The Black Prince of Florence by Catherine Fletcher

Cover of The Black Prince of Florence by Catherine Fletcher

Cover of The Black Prince of Florence by Catherine Fletcher.

Historian Catherine Fletcher tells the fascinating story of Alessandro de' Medici (1511 or 1512-1537), the first Duke of Florence and arguably the first person of African descent to rule a European state.  Alessandro was the illegitimate son of Lorenzo II de' Medici, grandson of the more famous Lorenzo, and a servant woman, possibly an African slave, named Simunetta.  The identity, and ethnicity, of his mother has been debated, and even his paternity has been questioned.  Fletcher favors the most common theory, that Lorenzo was his father, but others believe his father was Lorenzo's relative, Pope Clement VII.  Lorenzo died when Alessandro was a child, and Alessandro grew up outside Florence.  There is evidence that he was not accepted as part of the family at first, but after all of Pope Clement's legitimate male heirs died out, Clement was left with no choice but to acknowledge him.  Lorenzo had one legitimate child, Catherine, but the people of Florence did not want a female ruler.  Catherine eventually became Queen of France.

Instead, there were two male heirs, both illegitimate: Alessandro and his slightly older cousin Ippolito.  At first Ippolito was favored because his mother was of a higher social status than Alessandro's.  But Clement decided he wanted Ippolito to be a cardinal, with hopes of his eventually becoming pope.  That left Alessandro to rule Florence.  During the wars between France and Charles V's Holy Roman Empire for control over the various Italian states, the enemies of the Medici family, who believed they were tyrants, exiled them from Florence, and so Alessandro spent time at the papal court in Rome.  As part of a treaty between Pope Clement and Charles V which ended that particular phase of the Italian wars, the Medici returned to Florence with Alessandro, at only nineteen, as duke.  He was betrothed to Charles V's illegitimate daughter, Margaret of Austria.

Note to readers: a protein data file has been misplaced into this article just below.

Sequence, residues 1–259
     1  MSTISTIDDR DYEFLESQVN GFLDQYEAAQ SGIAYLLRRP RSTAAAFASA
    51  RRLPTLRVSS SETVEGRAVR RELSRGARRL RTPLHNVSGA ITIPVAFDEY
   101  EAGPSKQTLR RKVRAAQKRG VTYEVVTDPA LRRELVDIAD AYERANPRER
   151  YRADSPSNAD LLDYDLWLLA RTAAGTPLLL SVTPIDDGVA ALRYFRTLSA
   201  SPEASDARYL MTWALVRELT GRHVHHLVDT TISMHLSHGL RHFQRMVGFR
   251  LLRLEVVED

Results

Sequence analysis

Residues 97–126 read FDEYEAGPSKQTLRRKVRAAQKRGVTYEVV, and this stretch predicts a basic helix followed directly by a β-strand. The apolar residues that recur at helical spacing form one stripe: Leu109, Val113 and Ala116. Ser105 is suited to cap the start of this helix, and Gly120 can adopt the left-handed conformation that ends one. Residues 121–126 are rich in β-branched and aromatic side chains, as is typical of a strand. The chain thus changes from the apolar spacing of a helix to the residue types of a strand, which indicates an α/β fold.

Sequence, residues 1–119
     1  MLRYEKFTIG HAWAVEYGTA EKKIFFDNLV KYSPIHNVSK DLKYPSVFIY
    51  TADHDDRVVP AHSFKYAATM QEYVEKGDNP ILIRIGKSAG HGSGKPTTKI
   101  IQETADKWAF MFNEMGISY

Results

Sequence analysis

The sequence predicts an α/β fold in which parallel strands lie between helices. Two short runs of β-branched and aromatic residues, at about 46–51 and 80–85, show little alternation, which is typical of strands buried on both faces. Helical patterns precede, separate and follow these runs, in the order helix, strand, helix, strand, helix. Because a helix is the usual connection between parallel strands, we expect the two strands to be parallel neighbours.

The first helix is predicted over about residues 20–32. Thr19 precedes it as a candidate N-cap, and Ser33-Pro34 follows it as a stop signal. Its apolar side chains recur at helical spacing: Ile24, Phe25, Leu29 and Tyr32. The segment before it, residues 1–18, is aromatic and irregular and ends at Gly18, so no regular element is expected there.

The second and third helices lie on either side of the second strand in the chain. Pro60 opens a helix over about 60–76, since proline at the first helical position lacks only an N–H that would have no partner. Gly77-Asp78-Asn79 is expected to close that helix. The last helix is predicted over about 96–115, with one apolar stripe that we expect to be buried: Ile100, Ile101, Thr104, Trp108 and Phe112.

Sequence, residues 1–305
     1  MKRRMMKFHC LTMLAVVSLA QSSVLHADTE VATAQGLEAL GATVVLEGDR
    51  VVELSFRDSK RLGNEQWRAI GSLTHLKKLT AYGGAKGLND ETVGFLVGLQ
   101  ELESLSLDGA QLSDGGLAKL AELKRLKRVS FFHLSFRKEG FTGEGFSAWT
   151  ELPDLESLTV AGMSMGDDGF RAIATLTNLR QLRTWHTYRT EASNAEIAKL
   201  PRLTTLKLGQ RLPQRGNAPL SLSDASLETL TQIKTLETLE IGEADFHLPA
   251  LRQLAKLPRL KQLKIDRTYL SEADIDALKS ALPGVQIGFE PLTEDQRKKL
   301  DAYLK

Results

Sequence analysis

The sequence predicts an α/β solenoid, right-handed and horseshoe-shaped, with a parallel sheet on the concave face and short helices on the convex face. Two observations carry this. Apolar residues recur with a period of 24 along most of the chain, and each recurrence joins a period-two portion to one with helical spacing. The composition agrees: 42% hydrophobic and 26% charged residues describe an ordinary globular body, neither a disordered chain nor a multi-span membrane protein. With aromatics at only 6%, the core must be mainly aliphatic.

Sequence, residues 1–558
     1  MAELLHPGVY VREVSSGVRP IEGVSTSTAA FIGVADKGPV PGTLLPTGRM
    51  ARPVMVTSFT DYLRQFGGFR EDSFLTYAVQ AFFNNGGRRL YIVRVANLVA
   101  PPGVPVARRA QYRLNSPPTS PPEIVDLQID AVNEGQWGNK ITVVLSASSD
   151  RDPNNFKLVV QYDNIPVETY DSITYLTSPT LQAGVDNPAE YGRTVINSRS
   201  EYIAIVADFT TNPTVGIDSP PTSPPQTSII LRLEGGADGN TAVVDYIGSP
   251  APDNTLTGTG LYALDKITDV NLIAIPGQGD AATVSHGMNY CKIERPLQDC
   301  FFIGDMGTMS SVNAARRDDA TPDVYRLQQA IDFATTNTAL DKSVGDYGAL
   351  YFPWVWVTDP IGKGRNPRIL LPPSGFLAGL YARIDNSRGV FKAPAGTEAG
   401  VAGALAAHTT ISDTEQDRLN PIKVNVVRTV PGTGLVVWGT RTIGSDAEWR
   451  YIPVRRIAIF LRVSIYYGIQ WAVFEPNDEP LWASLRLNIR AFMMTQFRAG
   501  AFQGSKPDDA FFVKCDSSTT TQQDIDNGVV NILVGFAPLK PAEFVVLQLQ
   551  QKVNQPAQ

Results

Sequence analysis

The jealous Ippolito was furious that Alessandro was chosen to be duke.  He never wanted a career in the Church, and tried to leave the College of Cardinals, as Cesare Borgia had done before him, but he did not succeed.  He plotted several times to have Alessandro killed and replace him as duke.  Ippolito died under mysterious circumstances, probably by poison, even though we will never know if Alessandro had anything to do with his death, as has been rumored.

Alessandro's rule in Florence has been described as tyrannical, but most of the accounts were written by his enemies.  Fletcher paints a balanced portrait.  It's true that Alessandro had several of his enemies executed, and even more sent into exile, and it's likely he was involved in the death of at least one family member, but he also expressed sympathy for the common people, even slaves.  He was also a patron of artists such as Benvenuto Cellini and Giorgio Vasari.  Alessandro also had a reputation as a womanizer, which may be exaggerated.  He had a stable relationship, and two children, with a mistress, and he seems to have been genuinely affectionate toward his child bride, Margaret.  In 1537, he was assassinated by a distant relative, Lorenzino, who arranged for a tryst between Alessandro and a famous Florentine beauty, and then stabbed him in bed.

Fletcher writes entertainingly of the splendor of Alessandro's court, with its banquets, jousts, and hunts, and his wardrobe and collections of swords and guns.  Alessandro was more of an athlete and hunter than an intellectual, but he certainly did appreciate the arts.  In a fascinating afterword, Fletcher discusses Alessandro's ethnicity, which seems more significant today than in his own time.  The modern concept of race did not exist in Renaissance Italy.  The color of Alessandro's skin did matter to his contemporaries, but the social status of his parents, and whether or not he had noble blood, mattered more.  After Alessandro's assassination, there were attempts to suppress his memory.  Fletcher brings his world brilliantly to life and, hopefully, his story will become more widely known.

The Black Prince of Florence can be borrowed from the Hatcher Graduate Library.  A second copy is also available from Hatcher.

The Palazzo della Signoria, Florence

This is a photo of the Palazzo della Signoria in Florence, the seat of government in Alessandro's time, which I took during my recent visit to Florence.